Not saying that you have just saying that sometimes that happens.

Frogs need a hospitable aspect in their environment where they can escape wet contact.
 

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It doesnt appear to be raised to me. It's level with the skin for sure. I've been keeping an eye on it for a couple weeks now. Trying to do research on what I should do but I can;t find much info on this it seems. I've seen no progression but like I said it goes back in forth visually.
I ordered some methylene blue. I was thinking a 1% solution in a gallon jug? Can't find much about treatment on adults. Find a whole lot about using it in tadpole water to prevent fungus and mold. So I feel like if it is harmless in breeding it should be harmless to the adult in small dosage. I'm no expert but I do have a Bachelors in Env. Science and took toxicology. Frogs are sensitive to everything so I'm hesitant to treat it but I don't know what else to do. This frog was a rescue from a friend. Way to big for my two other azureus. So I'm waiting for the other two to get to size first. Then trying to observe for a breeding pair.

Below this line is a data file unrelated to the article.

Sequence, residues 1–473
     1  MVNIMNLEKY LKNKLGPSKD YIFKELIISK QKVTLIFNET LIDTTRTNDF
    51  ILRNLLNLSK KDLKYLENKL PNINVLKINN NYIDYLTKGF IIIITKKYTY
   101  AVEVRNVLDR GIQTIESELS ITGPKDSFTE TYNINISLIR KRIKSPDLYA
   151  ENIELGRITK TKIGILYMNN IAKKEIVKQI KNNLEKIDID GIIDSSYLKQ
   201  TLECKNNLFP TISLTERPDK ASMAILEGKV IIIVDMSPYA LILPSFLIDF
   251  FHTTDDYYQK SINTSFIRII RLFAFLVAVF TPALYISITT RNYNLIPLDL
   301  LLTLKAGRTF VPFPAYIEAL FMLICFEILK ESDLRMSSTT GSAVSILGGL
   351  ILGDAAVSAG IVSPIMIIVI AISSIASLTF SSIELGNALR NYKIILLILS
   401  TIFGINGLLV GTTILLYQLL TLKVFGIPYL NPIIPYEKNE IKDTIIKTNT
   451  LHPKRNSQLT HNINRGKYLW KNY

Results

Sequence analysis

Now I'm just trying to save it. I try not to over water. Especially this fella because it is by itself and I'm not trying to induce breeding. I mist maybe 3 times a week. Give or take. I appreciate the responses and attempt to help. I'm thinking it's a fungus. I'm reducing misting and will likely treat with 1% I'm thinking by q-tip dab or small spray bottle. The tank is a 10 gallon but it is stuffed with plants and a hiding spot of cork.
 

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Have you contacted a vet, an ARAV vet?

You may be able to email some photos but you are going to have to take more shots, as the photo you are showing doesnt present clearly.

It makes the spots look like raised white papules and if its not, its as good as no photo at all, you know?

It could also be an unusual chromatophore response induced by stressors
 

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I would think its worth a formal diagnosis, as a fungal thing, disease papule or encapsulated protozoa is often very specific in medication needs.